Nov 2003 – Words pics by Simon Bradley
Bikes like this can be deceiving. They look big and heavy, but turn out not to be. They look comfortable but transpire to be medieval torture devices on wheels.
They have big, well regarded vee twin engines but are actually gutless. And they have huge fuel tanks but short range.
Some bikes like this may deceive, but the Varadero does not. It looks big and heavy, and it is positively enormous. In its defence, it isn’t as heavy as it appears, though.
It looks comfortable but it is, in fact, sublime. The 1000cc vee twin delivers a very sprightly urge and the huge fuel tank gives intercontinental range.
That may be the shortest review I have ever written, so perhaps I should elaborate. Collecting the Varadero from Honda I was surprised and just a little intimidated by its sheer size. Although I am sure that it actually compares pretty well with similar offerings from other companies, the colour and style seem to conspire to increase the impression of size.
Loading it onto a trailer to get home showed that although there is a lot of bike to handle, it is quite handleable. Which is handy, because dropping a press bike off the trailer in front of the workshop is considered bad form. It was obvious that my normal route would not be enough – slightly below 100 miles was hardly going to be an endurance test after all – so I grabbed my camera and some bits and pieces, chucked them in a bag on the back and headed for the coast.
First gold star for the Varadero. Very easy to securely strap a bag to the back using a cargo net.
The game plan was simple. Ride until my bum got sore, then find a good place to take some pictures, grab something to eat and go on from there. Easy peasy. Except for one small problem.
When I hit the coast, some 80 miles later, I was still comfortable, warm and relaxed. Best I press on, then. The first reason for stopping was hunger. Grab a sandwich and keep going.
All in all, I did just under 300 miles that day, without a single twinge, ache or grumble. That’s impressive.
What’s also quite something is the fact that I didn’t need to put any fuel in for 260 miles. And I wasn’t hanging about. In fact, I was making the most of another attribute that the Varadero is blessed with.
That engine is related reasonably closely to the SP-2 that took Colin Edwards to the 2002 WSB championship. OK, so it may be in a slightly milder state of tune here, but it’s still a peach.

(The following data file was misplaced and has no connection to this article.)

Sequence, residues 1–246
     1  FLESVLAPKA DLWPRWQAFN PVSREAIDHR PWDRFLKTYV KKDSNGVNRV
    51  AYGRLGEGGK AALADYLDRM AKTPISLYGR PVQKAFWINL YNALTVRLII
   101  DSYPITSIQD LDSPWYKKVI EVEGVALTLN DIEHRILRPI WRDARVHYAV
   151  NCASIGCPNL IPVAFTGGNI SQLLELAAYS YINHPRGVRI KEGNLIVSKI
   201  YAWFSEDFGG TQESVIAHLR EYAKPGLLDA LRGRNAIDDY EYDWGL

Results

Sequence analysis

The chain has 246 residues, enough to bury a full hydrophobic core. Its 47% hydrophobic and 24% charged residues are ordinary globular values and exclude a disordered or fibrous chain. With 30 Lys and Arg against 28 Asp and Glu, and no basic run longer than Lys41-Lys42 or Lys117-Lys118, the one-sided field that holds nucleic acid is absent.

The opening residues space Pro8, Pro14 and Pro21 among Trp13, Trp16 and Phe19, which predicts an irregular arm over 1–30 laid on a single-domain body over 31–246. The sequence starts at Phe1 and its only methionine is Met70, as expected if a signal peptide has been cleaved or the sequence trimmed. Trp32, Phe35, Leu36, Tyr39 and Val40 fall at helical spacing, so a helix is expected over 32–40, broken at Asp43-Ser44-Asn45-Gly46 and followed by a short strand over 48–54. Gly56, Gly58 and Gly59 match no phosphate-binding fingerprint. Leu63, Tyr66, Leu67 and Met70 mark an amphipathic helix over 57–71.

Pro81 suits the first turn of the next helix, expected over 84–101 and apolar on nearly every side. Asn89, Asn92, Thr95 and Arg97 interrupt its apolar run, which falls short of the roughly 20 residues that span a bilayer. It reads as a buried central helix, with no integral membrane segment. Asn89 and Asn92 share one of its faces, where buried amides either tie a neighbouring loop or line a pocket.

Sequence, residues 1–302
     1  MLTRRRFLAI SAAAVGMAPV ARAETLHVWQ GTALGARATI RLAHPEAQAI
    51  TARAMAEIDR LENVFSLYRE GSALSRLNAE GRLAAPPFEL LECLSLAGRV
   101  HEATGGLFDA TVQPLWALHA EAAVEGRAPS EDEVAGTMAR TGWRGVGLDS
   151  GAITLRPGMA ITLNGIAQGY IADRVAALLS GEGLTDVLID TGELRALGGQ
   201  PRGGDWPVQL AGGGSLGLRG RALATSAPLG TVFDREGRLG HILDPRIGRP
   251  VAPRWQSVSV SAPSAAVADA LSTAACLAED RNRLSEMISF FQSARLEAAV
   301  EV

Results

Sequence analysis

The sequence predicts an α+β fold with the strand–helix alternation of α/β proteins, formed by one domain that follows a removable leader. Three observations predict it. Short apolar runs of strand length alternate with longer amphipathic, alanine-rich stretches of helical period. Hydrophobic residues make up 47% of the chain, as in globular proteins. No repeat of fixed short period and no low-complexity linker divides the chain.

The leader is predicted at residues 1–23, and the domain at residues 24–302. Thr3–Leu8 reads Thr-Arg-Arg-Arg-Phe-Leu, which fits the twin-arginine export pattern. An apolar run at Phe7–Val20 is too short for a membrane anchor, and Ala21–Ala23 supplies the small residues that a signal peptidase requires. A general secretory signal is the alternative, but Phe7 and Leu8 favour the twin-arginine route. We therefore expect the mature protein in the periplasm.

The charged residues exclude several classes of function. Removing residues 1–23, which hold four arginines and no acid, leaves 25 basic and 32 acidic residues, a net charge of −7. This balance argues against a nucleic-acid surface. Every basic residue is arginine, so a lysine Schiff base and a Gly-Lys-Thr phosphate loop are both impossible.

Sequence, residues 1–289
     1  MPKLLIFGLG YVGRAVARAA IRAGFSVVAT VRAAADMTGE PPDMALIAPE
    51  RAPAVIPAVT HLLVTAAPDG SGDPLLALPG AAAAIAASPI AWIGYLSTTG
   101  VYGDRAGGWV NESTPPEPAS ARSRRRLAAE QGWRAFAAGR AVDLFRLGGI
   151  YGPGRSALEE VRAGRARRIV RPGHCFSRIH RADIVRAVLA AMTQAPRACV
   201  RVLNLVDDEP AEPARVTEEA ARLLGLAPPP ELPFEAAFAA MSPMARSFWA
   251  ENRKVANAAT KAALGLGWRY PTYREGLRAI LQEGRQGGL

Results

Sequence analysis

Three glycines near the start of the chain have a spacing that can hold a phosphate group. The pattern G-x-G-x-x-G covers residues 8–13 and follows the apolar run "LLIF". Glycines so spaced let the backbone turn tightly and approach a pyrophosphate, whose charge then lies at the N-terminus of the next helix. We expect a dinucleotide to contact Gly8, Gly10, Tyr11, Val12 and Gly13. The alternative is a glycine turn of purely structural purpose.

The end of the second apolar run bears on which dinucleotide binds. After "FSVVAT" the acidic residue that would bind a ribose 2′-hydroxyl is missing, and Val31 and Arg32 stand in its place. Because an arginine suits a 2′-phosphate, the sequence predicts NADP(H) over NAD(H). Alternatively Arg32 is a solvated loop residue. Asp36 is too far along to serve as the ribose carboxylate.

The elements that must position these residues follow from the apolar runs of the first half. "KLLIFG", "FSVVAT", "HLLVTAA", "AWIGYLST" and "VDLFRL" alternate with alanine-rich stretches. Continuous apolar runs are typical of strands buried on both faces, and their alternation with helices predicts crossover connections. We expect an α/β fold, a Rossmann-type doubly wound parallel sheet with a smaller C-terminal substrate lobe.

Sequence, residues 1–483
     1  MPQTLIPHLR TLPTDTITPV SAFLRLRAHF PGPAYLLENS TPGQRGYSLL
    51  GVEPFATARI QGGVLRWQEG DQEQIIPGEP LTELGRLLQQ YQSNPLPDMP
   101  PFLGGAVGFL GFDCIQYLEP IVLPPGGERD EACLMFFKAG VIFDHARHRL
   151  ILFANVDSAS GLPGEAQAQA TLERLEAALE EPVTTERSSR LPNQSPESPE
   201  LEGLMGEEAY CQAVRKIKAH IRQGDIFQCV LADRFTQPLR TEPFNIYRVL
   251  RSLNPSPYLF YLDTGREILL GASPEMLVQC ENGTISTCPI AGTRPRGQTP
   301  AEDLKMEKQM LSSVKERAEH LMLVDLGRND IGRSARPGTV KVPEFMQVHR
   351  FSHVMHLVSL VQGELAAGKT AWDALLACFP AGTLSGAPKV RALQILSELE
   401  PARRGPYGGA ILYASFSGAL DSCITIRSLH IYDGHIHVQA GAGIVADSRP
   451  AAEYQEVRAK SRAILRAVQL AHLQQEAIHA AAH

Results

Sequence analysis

Climbing aboard is easier than it might at first appear, although there is no disguising the fact that this is a very large motorbike. However, despite being no more than average height, I didn’t find it a stretch to reach the ground and the low centre of gravity made it easy to hold the bike up. Starting is as straightforward as you like, this being a Honda and all, and the light clutch and easy gearbox make pulling away and getting moving equally fuss free.
The wide bars give huge leverage for cornering, and although at low speed the front feels a little vague, no doubt as a result of the long forks and plush springing, town behaviour ir both predictable and safe. Full lock, feet up u-turns are possible although I really wouldn’t want to try and catch the beast in the event of it going wrong as once a varadero starts to fall over I suspect that there is little this side of The Incredible Hulk that will stop it.
Now of course, you take a bike this size, stick 25 litres of fuel in it, give it giant-trailie geometry and tyres and then pop a motor in producing the best part of 100bhp and you are inevitably going to get a few handling foibles. In fact, to be honest, a bike like this is unlikely to be much fun on the twisties and may, in fact, be positively scary.
Which goes no way at all towards explaining why I could happily scrape the footpegs on roundabouts, attack twisty roads as hard as I would on most bikes and utterly fail to tie the thing in knots under hard acceleration. Bizarre.
So what makes the Varadero work? There seem to be lots of features which, in isolation, would at best be pointless and at worst look daft. The motocross style handguards, for example, should seem silly on a bike that nobody in their right mind would take off road, while the rather odd looking half fairing doesn’t look big enough to make much difference. But between them I was able to wear summer gloves and a light jacket on a pretty chilly autumn day.
And they kept the last of the bugs off my visor as well. The old fashioned analogue clocks look as though they should be hard to read while the high-tech LCD panel above promises information overload. But no – the clocks are clear and easy, and the LCD tells you exactly what you want to know, no more, no less.
Unless you really don’t want to know the time, of course, in which case you will hate the fact that the clock is displayed, large and clear, all the time. Those skinny, throwback mirrors may look like something off a 1980 Superdream but they give a clear, vibe-free picture of the road behind. So the Varadero is rather more than just the sum of its parts.
I’m not saying that the Varadero is above criticism. Personally, although I found linked brakes to work well on the VFR we tested before, on something this size and weight I found them to be slightly lacking in bite. I’m sure that’s really down to my braking technique, but it was a little disconcerting nonetheless.
I also feel that the total lack of underseat storage as a result of the fashionable high level exhausts was a bit of a disappointment for an otherwise utterly practical bike.
But overall, to say I was impressed with the Varadero would be a masterpiece of understatement. As far as out of the box usability is concerned, this is one of the best bikes I have ever ridden. Don’t let the looks or the size out you off.
You can’t see it from the saddle, and as any man will tell you it’s not the size that matters.
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